Service Management Service Desk ITSM
Think you can define ‘service’? Think again.
Continuing our series of reviews of our previous podcasts, highlighting the nuggets of brilliant advice and information they contain.
This week’s focus is on Mark Smalley’s episode – down, up and through the rabbit hole of taxonomy.
‘A creative caravanserai of ideas and ‘ologies,’ if you will.
For as long as many of us have been working in IT, and or IT Service Management, there is an endless debate about what service, and indeed service management actually means.
Mark is best known as prolific writer and speaker, describing his role as ‘building bridges between people and communities’.
When Mark chatted with Barclay Rae and Ian Aitchison back in October 2021, he had recently been the lead editor of the ITIL 4 High-Velocity IT Book. The brief was to give guidance to organisations that depend more heavily on digital technology as well as trying to attract interest from domestic domains and not just IT Service Management.
The podcast discussion was varied, and touched on our basic understanding of the terminology we use constantly. This included what we actually mean by ‘service’…
“One of the nicest things I heard from someone from the DevOps community said was that he would never have thought this book was about ITIL – ‘It’s cool and it’s universal,’” Mark told the podcast.
Research for the book included people from 18 countries and spread across various disciplines – a third from the core IT Service Management community, a third from Agile and DevOps and the rest from outside IT completely.
More recently Mark has produced work on the XLA concept – ‘The XLA handbook’, with Marco Gianotten, plus his own excellent ‘Reflections on XLAs’.
Reflections on the podcast…
So go on – define ‘service’
Why is it so hard for us, indeed anyone to define what a service is. Mark describes it as a ‘phenomenon of service’ and leans quite heavily on service science.
“Think of the significance of service for the world economy,” he suggested.
Is it a unit of economic exchange – people applying their competencies for the benefit of each other?
Is it two parties who want to do something for the benefit of each other – that concept of co-creation?
Then again if we are one department and we are colleagues working together – are we exchanging services or is that just work, or collaboration?
A good distinction to make is that of ‘services’ and ‘goods’.
“Goods are tangible and you can transfer ownership and also it is a form of economic exchange where you are just doing things for people, that is service.”
When does collaboration stop and when does service begin?
Two parties could benefit from the exchange not for a common purpose but for a complimentary one. And here is the thing – it does not even need to be for payment.
As Mark says: “I get experience. As a service provider, I build up my competency of doing stuff, so I get better next time’.
As Ian pointed out: “We’re all trying to get to a destination. I need you to be successful at what you do, and for you to be successful, you may need my help. Now maybe that is exchange.”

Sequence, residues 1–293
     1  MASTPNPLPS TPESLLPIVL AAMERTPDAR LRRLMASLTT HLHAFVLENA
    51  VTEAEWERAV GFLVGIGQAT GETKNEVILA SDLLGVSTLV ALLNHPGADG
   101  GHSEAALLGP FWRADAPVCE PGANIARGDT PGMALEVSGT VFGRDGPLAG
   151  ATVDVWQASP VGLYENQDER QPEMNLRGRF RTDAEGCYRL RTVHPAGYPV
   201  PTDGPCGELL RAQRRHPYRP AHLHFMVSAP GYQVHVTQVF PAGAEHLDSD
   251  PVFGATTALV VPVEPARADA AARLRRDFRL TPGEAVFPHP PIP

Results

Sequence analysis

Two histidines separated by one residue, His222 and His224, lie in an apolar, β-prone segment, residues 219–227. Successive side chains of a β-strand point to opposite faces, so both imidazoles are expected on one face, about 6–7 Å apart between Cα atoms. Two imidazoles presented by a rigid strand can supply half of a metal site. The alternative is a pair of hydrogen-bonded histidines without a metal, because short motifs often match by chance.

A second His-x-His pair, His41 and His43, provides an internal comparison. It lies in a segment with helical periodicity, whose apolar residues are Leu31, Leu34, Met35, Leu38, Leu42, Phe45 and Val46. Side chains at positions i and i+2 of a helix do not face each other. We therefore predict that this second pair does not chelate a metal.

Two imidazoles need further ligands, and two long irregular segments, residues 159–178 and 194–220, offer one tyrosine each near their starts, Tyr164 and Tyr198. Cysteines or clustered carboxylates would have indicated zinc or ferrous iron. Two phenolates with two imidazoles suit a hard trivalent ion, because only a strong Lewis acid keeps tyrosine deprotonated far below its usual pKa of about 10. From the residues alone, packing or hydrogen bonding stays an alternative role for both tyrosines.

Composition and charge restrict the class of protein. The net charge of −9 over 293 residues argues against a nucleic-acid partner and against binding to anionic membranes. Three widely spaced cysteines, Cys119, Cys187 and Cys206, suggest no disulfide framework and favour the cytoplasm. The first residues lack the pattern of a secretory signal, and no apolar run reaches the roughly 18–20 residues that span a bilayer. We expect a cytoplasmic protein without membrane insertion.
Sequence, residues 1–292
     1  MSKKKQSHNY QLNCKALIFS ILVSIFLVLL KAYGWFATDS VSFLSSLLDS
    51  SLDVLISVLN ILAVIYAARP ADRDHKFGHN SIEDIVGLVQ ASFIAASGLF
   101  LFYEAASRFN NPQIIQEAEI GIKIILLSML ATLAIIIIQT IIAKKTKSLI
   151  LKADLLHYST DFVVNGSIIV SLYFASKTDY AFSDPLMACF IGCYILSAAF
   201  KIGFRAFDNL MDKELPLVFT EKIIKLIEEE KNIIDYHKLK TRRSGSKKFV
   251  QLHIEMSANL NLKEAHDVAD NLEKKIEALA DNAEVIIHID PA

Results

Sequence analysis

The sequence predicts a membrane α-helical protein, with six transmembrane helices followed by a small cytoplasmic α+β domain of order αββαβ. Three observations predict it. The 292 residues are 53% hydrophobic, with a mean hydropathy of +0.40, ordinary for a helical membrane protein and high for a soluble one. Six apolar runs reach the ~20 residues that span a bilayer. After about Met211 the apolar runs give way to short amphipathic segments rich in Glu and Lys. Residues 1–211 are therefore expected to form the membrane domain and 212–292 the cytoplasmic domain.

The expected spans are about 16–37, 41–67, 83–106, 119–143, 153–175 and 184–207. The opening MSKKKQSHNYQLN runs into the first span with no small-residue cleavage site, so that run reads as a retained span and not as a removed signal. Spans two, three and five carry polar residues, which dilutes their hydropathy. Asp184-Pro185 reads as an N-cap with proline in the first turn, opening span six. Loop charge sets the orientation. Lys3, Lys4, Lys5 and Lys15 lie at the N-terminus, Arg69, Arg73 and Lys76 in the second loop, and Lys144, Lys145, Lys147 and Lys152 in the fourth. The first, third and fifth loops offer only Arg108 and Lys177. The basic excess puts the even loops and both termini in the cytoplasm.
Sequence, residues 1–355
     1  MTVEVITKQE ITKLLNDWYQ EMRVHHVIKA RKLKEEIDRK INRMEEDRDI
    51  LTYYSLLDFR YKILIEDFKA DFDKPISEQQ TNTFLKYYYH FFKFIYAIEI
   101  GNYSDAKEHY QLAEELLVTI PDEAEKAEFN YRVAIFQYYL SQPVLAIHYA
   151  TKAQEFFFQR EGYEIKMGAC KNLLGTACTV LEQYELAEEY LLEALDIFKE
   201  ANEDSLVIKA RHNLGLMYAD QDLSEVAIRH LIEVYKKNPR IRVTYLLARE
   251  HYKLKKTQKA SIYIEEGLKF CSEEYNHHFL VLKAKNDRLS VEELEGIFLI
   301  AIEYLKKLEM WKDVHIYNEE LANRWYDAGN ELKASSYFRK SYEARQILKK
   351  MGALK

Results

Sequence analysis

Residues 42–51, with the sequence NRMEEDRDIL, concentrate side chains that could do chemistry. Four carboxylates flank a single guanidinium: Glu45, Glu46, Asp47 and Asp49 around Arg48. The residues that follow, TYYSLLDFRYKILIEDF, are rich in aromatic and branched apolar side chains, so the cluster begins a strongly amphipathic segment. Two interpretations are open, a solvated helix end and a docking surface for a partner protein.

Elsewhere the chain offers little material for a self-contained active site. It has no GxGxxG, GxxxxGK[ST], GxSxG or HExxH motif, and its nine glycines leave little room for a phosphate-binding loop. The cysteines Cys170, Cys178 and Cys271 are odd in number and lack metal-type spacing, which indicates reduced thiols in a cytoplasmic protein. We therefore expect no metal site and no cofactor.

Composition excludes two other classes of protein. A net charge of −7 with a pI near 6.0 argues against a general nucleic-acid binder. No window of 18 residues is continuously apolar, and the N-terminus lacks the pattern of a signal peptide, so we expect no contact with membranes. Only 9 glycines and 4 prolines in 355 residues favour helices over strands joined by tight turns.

Perhaps we can take Barclay’s definition of the more transactional nature of it: “One party perhaps pays the other, delivers something. Co-creation concept – the important nugget is not the doing of something but the outcome that is achieved as a result of doing it.”
If three people have different ways of looking at service, then how do we ever go about service management?
“Is this just about managing service provision, or also about service consumption – co-creation of value.
“Is it just for the service provider or also the service consumer?
“There always seems to be a bit of service, even if you are just delivering a box.”
Perhaps one of the reasons why service is so hard to define, is that IT is a constantly developing entity, and even after all this time, no-one is quite clear what it is, or even that the right answer is all of the above.
Let’s give Mark the last word: “It is about making things better by doing better things better. Improving the way you do stuff so you can make a difference in the world.”
How do we handle seemingly obvious taxonomy? What seems obvious for one has a different meaning for others – how do you find the common ground?
Is the definition of service a concept, or a science … or even both? Even just between three members of the community, there was a robust discussion of how to even break down a definition of service – from wholesome to pragmatic.
Giving guidance to organisations who depend more heavily on digital technology might require more different ways of thinking and working – how a book about ITIL became ‘cool and universal’ requires perhaps a little lateral thought.
The Enterprise Digital Podcast is a regular discussion on all matters related to Enterprise Service Management and Digital Transformation. The hosts are Barclay Rae and Ian Aitchison, who share and discuss their thoughts on the converging worlds of technology, service management, people and management, business and corporate development, governance, automation and more… Regular guests will be invited to try and get a word in …